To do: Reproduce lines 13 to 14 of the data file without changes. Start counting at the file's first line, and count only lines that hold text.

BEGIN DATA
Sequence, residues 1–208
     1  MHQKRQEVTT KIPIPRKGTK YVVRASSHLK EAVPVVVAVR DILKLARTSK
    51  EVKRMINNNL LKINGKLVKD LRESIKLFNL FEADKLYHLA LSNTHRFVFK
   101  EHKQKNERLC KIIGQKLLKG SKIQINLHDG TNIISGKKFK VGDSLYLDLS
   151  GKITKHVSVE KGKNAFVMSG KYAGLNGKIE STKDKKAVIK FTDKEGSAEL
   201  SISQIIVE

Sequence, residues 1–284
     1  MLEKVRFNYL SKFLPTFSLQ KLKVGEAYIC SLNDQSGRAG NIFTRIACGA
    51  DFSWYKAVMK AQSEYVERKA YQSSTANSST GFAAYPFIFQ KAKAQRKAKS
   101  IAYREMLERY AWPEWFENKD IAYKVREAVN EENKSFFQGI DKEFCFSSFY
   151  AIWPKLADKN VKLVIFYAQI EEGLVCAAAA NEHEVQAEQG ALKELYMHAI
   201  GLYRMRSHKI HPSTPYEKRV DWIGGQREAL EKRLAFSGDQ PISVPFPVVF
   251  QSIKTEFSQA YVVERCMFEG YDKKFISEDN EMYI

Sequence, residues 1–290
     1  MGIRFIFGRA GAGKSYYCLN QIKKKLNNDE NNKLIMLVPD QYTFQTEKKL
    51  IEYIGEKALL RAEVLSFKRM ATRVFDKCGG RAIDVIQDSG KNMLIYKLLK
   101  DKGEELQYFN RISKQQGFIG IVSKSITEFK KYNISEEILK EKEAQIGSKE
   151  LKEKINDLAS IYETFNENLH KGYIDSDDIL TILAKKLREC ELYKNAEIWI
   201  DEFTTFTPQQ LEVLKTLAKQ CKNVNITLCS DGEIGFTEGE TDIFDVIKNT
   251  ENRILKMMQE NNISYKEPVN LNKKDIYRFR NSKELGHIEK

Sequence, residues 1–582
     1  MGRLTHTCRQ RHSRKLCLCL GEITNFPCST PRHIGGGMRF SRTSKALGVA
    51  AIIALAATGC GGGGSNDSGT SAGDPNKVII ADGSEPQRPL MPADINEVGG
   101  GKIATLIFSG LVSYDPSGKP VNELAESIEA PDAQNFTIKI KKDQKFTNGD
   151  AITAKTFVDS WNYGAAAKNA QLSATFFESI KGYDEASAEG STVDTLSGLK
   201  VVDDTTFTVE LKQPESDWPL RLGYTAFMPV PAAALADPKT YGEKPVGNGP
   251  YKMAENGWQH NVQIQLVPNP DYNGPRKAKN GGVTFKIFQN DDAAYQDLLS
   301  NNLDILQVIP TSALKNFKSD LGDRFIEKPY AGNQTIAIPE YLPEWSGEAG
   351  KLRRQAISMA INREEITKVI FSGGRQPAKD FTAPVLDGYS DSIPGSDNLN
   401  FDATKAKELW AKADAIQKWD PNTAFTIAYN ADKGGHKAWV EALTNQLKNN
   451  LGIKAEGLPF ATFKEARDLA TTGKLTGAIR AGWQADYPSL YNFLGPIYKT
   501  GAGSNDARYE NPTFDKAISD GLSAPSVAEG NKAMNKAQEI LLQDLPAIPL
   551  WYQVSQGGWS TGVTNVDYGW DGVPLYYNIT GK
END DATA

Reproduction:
   251  QSIKTEFSQA YVVERCMFEG YDKKFISEDN EMYI

Sequence, residues 1–290